29 Sep Round Up: Nonprofit Spotlight: Heroes and Horses
According to the U.S. Department of Veterans Affairs “2022 National Veteran Suicide Prevention Annual Report,” since 2001 the rate of suicide among veterans has remained nearly double that of civilians, with an average of 6,000 veterans taking their lives each year. Despite the VA’s changes in approach, funding, coordination, and implementation, the numbers have held steady.
“We’ve done a great job of turning civilians into soldiers, but fundamentally failed at helping soldiers transition back into civilians,” says Heroes and Horses founder and CEO Micah Fink.
By excavating and acknowledging the flaws throughout struggling mental healthcare and veterans’ services, Fink and his team have helped veteran after veteran achieve what many had given up hope of ever realizing: healing. The dedicated staff, volunteers, donors, and horses that bring the program to an increasing number of veterans each year at the Double H Ranch in southwest Montana are working to “un-program the programmed.” The solution doesn’t include medication, traditional psychotherapies, or a clinical setting. The solution is self — and the wild expanse of Big Sky Country in which to rediscover it.
Here, Fink describes Heroes and Horses and the program’s whole-person approach that’s empowering the rebirth of whole people, indeed.
Big Sky Journal: Tell me about Heroes and Horses’ inception. What instigated its formation and connection with horses and the Montana backcountry?
Micah Fink: Heroes and Horses is essentially the culmination of my healing journey. After a career in special operations spanning 15 years, I found myself lost, hurting, and facing “solutions” that, statistically, were causing more harm than good. It felt like I was watching an apocalypse as one incredible human after another succumbed to isolation, marginalization, and addiction.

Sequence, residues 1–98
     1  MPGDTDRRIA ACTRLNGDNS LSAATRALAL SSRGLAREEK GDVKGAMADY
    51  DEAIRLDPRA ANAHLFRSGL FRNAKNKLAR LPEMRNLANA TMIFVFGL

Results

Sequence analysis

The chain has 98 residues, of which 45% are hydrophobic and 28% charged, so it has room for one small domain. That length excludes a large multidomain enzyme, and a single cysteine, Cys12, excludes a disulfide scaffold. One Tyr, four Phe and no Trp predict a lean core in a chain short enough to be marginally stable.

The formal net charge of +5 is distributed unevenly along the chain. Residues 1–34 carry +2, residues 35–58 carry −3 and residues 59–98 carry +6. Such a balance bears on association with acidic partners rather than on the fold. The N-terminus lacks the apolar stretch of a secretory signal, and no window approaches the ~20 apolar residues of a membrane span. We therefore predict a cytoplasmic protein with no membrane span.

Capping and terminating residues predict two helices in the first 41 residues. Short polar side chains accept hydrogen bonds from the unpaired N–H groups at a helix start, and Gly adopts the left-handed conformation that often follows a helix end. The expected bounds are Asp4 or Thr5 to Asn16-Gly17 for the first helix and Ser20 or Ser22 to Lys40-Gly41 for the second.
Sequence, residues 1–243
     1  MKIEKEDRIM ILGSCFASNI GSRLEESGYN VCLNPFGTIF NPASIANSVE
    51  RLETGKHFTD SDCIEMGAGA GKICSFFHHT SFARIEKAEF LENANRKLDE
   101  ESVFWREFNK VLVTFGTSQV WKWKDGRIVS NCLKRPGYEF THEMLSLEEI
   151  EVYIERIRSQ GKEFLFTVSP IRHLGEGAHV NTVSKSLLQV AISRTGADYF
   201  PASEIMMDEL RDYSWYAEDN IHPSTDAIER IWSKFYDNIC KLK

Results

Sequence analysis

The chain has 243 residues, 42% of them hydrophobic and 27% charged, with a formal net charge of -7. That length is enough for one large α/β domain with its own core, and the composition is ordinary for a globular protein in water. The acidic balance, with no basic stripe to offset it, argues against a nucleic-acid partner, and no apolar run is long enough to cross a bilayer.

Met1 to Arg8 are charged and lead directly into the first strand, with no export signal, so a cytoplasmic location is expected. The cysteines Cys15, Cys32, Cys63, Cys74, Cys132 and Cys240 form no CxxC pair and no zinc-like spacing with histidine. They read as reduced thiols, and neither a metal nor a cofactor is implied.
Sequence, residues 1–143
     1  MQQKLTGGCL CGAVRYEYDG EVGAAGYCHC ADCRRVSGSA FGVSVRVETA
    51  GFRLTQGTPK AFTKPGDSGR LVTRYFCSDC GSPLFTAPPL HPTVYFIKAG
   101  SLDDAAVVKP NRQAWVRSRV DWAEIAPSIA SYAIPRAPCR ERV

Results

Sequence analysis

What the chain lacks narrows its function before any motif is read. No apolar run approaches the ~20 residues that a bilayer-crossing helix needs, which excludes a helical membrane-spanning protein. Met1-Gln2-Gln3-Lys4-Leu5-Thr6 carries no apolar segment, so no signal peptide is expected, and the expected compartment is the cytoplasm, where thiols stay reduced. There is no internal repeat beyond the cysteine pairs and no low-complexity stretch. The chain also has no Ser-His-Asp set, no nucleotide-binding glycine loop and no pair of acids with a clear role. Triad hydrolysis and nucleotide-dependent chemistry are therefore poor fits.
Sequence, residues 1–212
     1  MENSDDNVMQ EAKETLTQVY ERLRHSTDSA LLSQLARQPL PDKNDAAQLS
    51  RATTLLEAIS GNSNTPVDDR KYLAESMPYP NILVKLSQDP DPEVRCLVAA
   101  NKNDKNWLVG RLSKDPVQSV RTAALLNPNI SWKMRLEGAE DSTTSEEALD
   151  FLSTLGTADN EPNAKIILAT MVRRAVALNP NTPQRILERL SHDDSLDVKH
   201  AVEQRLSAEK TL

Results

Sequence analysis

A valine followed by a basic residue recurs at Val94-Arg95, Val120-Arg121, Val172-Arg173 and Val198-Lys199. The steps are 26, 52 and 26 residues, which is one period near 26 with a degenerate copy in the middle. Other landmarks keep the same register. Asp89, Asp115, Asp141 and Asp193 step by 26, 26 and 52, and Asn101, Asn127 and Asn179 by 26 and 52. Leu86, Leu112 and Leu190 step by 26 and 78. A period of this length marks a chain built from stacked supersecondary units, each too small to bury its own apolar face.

I moved to Montana on the tail end of my time as a paramilitary contractor and met some ranchers and cowboys who opened my heart to horses. Initially, it was challenging and chaotic. I began shoeing, riding colts, packing horses, and getting some hard lessons from fast-talking horse hustlers, hay traders, and a few crooks. These were the exact lessons I needed at that time in my life; they were the catalyst. I invited some struggling veterans I’d served with out to the mountains and, on that trip, I came to the true realization that it’s struggle that gives everything in life value and it was the easy way that was killing us. So, it began.
BSJ: Describe Heroes and Horses’ whole-person solution and how it differs from traditional methodologies and approaches to veterans, mental health, reintegration, and needs-based interventions.
Fink: Over the 41-day program we deconstruct identity — self-conceptualizations we’ve agreed to, our judgments of situation and circumstance, victimizations — to gain awareness of our reactive power and dominion over it. Reclaiming that power can only occur when participants face their obstacles, learning and growing from the vulnerability and challenge. We aren’t here to “help” people, per se, but rather to give them the tools to help themselves. It’s not about changing people; it’s about awakening the wisdom that is latent inside them.